Or just send her this page or this one. I like this diagram. Print it out and post it in your cubicle. She will surely notice, maybe say something and you can be like, "Yeah, I'm big on personal space."
posted by AppleTurnover at 4:10 PM on July 16 [1 favorite]


I try to turn things like this (small, awkward) into a joke as much as possible. As in, 'man are you good looking, but you are kind of a close talker." That's always worked when I have to tell people they are terrible drivers, tucked their skirt into their tights or said something...foolish.
posted by emmatrotsky at 4:18 PM on July 16


It could be an east coast/west coast thing, too. Different areas seem to face different notions of adequate personal space areas. (Myself, I need lots of personal space. I used to work with someone who liked to stand way close, and it was even more awkward because he must've been about a foot taller than I am, too.)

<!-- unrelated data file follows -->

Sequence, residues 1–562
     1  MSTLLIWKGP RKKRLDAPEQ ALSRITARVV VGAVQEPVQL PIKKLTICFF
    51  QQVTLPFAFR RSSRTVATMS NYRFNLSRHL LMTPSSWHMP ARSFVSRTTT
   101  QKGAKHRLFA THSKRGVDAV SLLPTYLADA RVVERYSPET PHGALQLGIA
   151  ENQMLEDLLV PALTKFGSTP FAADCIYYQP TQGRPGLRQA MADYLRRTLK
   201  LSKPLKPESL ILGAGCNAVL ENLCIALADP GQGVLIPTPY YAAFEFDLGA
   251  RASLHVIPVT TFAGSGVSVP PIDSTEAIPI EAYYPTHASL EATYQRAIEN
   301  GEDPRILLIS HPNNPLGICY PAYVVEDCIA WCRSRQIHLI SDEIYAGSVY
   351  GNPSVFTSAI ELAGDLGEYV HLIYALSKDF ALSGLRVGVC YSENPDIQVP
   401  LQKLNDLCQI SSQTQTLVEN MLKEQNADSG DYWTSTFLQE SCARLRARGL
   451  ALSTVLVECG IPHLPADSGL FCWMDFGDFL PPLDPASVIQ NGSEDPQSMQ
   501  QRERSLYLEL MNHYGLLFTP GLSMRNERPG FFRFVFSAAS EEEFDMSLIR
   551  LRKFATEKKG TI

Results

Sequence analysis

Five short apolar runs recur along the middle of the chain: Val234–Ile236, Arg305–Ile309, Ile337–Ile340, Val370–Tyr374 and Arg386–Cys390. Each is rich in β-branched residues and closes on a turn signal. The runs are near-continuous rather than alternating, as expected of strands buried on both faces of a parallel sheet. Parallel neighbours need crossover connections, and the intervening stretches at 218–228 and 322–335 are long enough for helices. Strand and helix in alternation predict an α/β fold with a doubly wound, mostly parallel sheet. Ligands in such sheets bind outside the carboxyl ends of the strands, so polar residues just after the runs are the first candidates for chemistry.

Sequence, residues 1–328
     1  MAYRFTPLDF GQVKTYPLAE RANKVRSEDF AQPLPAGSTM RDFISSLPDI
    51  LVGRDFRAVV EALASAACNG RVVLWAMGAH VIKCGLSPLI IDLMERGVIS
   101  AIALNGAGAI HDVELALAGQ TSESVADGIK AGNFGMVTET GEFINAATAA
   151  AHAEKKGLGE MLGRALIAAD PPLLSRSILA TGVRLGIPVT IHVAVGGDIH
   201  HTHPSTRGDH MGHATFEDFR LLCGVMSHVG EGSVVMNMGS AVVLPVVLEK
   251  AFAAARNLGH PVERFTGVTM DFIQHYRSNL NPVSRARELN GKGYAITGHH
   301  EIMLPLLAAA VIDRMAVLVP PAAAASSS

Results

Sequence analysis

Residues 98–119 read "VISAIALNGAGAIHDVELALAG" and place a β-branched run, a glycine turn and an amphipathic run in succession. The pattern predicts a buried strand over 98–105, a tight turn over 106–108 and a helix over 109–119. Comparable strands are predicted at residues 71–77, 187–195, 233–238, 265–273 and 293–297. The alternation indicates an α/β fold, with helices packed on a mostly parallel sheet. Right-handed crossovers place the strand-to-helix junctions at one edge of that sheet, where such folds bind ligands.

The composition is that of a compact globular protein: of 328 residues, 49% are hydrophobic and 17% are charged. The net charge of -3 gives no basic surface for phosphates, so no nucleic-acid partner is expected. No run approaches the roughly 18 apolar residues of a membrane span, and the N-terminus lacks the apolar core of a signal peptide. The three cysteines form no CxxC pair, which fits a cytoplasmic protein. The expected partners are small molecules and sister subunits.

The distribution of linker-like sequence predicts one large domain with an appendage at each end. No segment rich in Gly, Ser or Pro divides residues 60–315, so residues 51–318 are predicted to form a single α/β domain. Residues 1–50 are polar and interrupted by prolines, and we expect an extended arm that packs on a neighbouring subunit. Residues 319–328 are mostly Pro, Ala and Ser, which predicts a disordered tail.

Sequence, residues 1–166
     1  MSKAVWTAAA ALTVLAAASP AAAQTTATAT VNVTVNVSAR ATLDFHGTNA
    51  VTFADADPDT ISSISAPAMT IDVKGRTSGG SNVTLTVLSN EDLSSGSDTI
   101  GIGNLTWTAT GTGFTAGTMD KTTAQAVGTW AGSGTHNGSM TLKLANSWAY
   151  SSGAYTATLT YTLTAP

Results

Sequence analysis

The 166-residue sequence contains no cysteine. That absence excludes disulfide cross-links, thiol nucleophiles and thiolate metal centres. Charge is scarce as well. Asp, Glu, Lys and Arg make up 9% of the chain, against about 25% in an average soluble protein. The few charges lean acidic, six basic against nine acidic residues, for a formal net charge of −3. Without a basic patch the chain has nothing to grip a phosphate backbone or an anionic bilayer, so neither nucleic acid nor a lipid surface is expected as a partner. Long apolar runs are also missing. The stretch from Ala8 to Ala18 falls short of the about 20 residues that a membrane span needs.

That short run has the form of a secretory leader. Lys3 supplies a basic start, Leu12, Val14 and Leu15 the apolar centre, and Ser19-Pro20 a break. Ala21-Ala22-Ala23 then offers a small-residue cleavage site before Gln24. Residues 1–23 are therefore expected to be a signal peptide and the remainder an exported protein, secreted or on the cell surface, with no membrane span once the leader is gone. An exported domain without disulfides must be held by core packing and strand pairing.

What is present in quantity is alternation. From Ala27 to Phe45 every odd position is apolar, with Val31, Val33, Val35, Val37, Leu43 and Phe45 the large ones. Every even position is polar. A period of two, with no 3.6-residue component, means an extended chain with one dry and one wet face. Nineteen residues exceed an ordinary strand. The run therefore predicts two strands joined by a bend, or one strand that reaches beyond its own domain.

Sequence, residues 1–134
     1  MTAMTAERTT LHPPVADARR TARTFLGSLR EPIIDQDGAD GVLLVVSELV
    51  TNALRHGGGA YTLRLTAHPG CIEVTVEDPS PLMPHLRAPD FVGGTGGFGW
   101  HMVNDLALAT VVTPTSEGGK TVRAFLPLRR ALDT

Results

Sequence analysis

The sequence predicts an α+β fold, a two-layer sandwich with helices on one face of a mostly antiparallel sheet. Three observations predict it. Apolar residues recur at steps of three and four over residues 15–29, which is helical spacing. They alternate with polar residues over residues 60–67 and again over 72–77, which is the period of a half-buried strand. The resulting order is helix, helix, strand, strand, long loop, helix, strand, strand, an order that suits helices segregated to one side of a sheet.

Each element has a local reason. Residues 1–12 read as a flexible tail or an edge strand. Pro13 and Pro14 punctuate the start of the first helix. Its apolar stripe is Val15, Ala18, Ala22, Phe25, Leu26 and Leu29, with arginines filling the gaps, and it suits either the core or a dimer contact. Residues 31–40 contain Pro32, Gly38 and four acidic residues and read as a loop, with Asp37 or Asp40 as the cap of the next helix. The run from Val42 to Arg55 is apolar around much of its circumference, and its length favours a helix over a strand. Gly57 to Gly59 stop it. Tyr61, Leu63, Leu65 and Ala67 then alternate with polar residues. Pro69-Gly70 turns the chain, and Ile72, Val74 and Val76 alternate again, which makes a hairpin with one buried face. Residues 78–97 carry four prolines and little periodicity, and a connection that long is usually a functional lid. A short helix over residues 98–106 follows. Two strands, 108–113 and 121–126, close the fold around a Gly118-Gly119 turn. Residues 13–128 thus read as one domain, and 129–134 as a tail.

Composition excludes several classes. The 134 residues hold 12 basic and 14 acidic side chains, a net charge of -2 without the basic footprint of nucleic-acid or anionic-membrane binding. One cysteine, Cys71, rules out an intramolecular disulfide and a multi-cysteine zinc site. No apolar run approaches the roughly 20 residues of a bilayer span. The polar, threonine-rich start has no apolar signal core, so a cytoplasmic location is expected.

posted by leahwrenn at 4:52 PM on July 16


Sometimes I accidentally invade other people's personal space but I'm awkward and don't always notice. If you said something silly like "whoa there, this is just excel, no need to pop my personal bubble" I'd laugh and be super grateful you let me know how to make you feel comfortable and save face despite my Awkward.
posted by samthemander at 6:23 PM on July 16